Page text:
For those parents whose children start stuttering, they are encouraged to seek help through The Stuttering Foundation of America so they know how best to handle the situation. The earlier you can help a child who stutters, the better. A recent study shows that anxiety is not a cause of stuttering.
Bianca Phaal, a masters student in the Department of Communication Disorders, has just completed a study looking at the anxiety levels of a group of three and four-year-olds who were at the onset of stuttering and compared this with a control group of non-stuttering children.
She examined anxiety by collecting saliva samples from each child and measured the steroid levels of a substance called "cortisol". Cortisol is a hormone released during periods of heightened anxiety, and can be measured in saliva by chewing on a dental roll. She also conducted communication apprehension tests with the children and surveyed their parents, asking them to rate their children’s anxiety levels in different situations.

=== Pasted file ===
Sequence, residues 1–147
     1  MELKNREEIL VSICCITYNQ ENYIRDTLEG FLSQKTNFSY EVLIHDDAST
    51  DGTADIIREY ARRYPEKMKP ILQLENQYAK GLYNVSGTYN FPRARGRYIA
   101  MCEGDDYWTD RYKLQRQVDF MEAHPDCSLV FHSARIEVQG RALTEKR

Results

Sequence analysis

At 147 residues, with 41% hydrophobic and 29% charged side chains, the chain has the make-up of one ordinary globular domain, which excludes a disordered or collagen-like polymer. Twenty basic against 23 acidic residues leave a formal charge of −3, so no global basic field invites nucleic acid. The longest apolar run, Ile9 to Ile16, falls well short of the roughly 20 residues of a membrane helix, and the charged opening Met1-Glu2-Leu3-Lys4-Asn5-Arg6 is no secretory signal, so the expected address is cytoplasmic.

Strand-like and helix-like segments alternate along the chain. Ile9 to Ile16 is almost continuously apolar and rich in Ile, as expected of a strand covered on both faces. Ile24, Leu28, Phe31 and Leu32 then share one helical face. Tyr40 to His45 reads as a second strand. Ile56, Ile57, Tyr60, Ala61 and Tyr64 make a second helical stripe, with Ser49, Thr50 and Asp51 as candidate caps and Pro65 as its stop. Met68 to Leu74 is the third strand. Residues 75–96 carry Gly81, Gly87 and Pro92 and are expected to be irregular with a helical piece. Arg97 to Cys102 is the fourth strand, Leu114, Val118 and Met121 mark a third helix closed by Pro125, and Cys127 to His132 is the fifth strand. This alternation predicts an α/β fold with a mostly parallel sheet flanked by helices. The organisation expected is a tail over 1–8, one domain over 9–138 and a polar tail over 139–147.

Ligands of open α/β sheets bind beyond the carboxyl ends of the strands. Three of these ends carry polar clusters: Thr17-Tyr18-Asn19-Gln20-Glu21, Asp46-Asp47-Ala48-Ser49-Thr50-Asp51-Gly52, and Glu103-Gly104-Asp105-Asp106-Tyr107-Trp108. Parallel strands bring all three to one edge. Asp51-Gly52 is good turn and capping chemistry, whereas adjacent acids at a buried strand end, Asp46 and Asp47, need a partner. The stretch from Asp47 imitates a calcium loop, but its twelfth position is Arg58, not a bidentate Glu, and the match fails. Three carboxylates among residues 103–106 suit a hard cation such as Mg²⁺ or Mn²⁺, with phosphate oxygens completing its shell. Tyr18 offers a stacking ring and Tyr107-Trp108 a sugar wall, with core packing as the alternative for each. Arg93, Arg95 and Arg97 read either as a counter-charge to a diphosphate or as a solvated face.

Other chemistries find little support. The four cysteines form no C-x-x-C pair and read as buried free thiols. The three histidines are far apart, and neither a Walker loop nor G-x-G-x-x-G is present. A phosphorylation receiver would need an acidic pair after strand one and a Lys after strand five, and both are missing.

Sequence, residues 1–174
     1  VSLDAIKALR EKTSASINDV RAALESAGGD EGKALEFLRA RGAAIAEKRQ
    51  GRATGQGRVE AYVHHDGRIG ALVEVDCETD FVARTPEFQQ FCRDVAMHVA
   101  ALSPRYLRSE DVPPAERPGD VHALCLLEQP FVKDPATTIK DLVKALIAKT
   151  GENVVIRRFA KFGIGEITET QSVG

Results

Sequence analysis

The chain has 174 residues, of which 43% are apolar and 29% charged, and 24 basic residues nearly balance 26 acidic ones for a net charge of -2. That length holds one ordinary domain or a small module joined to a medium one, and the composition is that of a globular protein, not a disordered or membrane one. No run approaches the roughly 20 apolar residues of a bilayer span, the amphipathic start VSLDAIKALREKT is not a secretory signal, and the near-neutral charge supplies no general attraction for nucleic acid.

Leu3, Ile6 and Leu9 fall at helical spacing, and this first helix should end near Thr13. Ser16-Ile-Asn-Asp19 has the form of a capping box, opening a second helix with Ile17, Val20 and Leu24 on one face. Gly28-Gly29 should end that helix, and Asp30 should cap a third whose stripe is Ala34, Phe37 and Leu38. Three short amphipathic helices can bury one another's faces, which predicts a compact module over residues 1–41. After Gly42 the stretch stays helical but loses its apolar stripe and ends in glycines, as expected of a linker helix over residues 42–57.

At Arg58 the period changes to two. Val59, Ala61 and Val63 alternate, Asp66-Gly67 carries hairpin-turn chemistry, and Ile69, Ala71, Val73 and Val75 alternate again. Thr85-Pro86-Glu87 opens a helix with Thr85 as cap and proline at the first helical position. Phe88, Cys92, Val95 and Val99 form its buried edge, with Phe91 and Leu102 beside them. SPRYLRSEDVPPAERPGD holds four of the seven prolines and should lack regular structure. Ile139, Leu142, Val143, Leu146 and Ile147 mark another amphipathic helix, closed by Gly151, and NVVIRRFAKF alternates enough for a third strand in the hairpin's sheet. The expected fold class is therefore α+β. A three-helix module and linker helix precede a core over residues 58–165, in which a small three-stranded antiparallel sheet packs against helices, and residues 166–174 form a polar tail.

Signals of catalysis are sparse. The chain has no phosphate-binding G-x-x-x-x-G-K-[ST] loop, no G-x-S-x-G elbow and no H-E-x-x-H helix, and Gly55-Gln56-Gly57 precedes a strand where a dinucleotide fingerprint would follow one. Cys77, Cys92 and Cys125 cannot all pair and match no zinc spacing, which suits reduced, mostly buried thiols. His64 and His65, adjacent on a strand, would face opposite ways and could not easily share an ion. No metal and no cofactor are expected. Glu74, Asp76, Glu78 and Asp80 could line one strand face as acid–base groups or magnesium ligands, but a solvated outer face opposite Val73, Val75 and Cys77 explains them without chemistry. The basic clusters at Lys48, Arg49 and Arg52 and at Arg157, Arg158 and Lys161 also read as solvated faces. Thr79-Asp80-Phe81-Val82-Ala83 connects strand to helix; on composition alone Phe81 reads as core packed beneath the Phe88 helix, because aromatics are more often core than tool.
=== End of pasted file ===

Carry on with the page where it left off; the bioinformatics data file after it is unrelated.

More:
Working with biochemist Dr John Lewis, Bianca found no higher anxiety levels in children who stutter compared to non-stuttering children.
“There were no significant differences between the children who stutter and those who don’t according to either of the measures of anxiety or the communication apprehension measure, neither was there any relationship between stuttering severity and anxiety or communication apprehension,” Bianca said.
“Results of this study suggested that generalised anxiety and communication apprehension are not associated with early childhood stuttering, therefore it is unlikely anxiety is the root cause of stuttering.
“However, should early childhood stuttering persist, negative experiences in speaking situations could lead to the development of communication apprehension and perhaps generalised anxiety. Early intervention for stuttering may thus be crucial in preventing this development.”